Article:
A.L. police chief asks council to rehire officer

Published 9:19 am Wednesday, August 25, 2010

Albert Lea Police Chief Dwaine Winkels asked the members of the Albert Lea City Council last week to consider reinstating the city’s most junior officer next year. This officer’s job was eliminated at the beginning of the year and then brought back for one year through union concessions and city contingencies.

During a budget presentation at the council’s workshop, Winkels explained that his proposed Police Department budget for 2011 is $3.798 million and comprises:

  • 87 percent, or $3.3 million, for personnel.
  • 5 percent for the rental of the Law Enforcement Center.
  • 4 percent for transportation and vehicle costs.
  • 4 percent for operating costs and supplies.

He said personnel costs themselves, including retirement and health insurance costs, have increased by just under $100,000, and utility costs have also increased during the last year.

Email newsletter signup

“Our budget is pretty fixed with most items,” Winkels said. “We don’t have large expenditures. We’ve eliminated all major purchases from the budget the last two years.”

He noted that the $3.798 million proposed budget does not include the salary for the full-time officer. He is proposing to eliminate a half-time community service officer — at an estimated value of about $37,000 — and then reinstate the full-time officer, which will cost about $70,000 for a year. This would leave a gap of about $33,000 over the proposed amount.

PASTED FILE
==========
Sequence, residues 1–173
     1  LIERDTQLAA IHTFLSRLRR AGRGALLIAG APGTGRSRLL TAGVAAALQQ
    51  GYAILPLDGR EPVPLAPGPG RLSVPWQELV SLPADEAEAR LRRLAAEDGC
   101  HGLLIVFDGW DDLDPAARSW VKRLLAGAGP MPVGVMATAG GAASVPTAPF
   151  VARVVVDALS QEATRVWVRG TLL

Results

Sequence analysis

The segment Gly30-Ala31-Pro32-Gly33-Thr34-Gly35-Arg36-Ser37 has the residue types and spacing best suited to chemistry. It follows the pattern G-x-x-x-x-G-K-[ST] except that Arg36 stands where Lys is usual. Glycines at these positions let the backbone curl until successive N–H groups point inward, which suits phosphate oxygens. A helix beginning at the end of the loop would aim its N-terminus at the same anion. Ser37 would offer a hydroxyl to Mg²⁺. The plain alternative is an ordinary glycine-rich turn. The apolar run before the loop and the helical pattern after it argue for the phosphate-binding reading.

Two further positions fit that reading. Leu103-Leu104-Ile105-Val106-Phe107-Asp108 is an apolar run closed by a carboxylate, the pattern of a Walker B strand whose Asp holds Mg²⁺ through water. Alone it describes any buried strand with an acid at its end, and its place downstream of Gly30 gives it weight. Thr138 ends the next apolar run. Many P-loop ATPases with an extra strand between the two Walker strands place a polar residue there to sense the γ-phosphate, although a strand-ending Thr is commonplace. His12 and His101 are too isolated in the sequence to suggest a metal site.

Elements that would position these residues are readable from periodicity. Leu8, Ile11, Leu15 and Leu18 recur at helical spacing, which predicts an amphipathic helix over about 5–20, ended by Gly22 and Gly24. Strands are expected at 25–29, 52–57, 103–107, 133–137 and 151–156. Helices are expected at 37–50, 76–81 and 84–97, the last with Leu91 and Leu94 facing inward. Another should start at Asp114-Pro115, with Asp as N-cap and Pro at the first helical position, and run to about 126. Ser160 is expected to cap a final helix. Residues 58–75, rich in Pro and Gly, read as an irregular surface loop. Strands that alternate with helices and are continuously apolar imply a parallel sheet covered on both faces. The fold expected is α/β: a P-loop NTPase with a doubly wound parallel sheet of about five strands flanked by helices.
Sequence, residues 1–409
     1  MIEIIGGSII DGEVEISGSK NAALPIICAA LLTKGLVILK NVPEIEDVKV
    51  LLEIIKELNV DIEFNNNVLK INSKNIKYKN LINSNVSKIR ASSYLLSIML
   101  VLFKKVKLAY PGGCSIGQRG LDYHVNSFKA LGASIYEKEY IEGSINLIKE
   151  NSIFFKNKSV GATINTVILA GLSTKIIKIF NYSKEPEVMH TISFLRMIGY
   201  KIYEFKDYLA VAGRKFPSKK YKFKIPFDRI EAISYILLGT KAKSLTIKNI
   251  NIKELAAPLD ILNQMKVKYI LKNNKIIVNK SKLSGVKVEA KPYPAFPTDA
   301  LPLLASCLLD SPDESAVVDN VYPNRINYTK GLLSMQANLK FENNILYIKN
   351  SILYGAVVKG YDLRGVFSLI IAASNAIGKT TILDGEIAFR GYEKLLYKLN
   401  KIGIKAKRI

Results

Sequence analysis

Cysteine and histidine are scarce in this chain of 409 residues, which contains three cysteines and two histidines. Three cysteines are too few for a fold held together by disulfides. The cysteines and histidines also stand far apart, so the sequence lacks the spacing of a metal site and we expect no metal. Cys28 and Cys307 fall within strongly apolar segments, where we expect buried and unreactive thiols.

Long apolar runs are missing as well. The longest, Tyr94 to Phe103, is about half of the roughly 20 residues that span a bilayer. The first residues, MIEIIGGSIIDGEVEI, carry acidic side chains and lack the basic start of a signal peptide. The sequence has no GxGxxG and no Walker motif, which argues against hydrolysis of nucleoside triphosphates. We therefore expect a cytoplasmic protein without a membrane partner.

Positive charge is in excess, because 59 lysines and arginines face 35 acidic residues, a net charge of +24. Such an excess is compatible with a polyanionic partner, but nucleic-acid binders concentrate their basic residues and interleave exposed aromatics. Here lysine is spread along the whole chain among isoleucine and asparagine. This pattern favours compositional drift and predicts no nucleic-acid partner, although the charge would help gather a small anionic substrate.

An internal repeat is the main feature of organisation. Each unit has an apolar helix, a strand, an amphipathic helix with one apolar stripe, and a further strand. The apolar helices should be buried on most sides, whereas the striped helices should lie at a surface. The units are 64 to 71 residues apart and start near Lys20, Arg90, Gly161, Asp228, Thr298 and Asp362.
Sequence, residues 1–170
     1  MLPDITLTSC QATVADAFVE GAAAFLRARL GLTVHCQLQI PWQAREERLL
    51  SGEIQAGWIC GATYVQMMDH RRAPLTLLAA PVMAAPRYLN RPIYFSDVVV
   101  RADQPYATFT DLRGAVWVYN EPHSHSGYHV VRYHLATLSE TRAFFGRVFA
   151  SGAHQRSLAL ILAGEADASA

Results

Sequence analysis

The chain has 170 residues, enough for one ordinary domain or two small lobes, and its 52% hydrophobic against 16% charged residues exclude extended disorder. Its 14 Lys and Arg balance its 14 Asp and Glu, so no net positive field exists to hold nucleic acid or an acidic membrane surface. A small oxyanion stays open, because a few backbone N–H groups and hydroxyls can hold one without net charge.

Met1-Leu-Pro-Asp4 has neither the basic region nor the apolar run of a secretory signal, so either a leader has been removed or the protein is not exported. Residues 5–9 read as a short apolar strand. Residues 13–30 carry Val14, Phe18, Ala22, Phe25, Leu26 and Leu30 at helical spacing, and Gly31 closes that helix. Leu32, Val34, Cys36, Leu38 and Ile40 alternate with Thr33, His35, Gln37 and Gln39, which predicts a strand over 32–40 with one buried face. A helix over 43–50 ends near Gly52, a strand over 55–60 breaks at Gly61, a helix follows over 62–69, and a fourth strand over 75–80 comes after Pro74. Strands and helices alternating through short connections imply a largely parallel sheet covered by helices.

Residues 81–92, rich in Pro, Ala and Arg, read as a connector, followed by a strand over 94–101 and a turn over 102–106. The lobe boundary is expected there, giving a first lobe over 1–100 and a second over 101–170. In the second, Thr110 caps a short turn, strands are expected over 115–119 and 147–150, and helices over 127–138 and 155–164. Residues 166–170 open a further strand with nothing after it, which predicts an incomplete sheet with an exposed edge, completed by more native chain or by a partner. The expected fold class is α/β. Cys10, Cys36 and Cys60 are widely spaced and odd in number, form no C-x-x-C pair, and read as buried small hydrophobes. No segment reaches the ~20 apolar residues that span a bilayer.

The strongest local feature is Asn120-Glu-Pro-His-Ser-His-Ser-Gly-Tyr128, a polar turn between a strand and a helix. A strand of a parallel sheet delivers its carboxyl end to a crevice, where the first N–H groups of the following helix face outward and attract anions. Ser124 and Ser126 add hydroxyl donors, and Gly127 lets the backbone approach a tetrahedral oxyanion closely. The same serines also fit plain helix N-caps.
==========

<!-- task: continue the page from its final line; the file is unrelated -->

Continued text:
The officer position is one that brought controversy to the community in January 2010 during union negotiations and council budget decisions.

In the end, the City Council approved a one-time transfer of $35,000 from the city’s contingencies fund to the police department budget, and the officers — through the Teamsters union — agreed to $35,000 in concessions through a combination of unpaid leave, a reduction in uniform allowance and a reduction in hourly employees’ holiday pay, among other things, to keep the officer in place.

This year and last, the department applied for a federal grant through the U.S. Department of Justice that would fund one officer for three years, however, they will not know whether they have been awarded this year’s grant until mid-September. The city did not receive the funding last year.

Winkels said Albert Lea has an average number of police per capita when comparing with other outstate Minnesota cities. Right now it has 1.6 officers per 1,000 people.

He said there’s not a specific number of officers a community should have — it depends on the level of service the department wants to provide and what kind of crime there is.

“You need as many officers as you’re required to police your community and provide services for your community,” he noted.

He said he has several officers close to retirement, and he envisions a couple leaving through attrition in the next couple years.

In the meantime, he and others in the city are anxiously awaiting the state Legislature’s decisions about local government aid.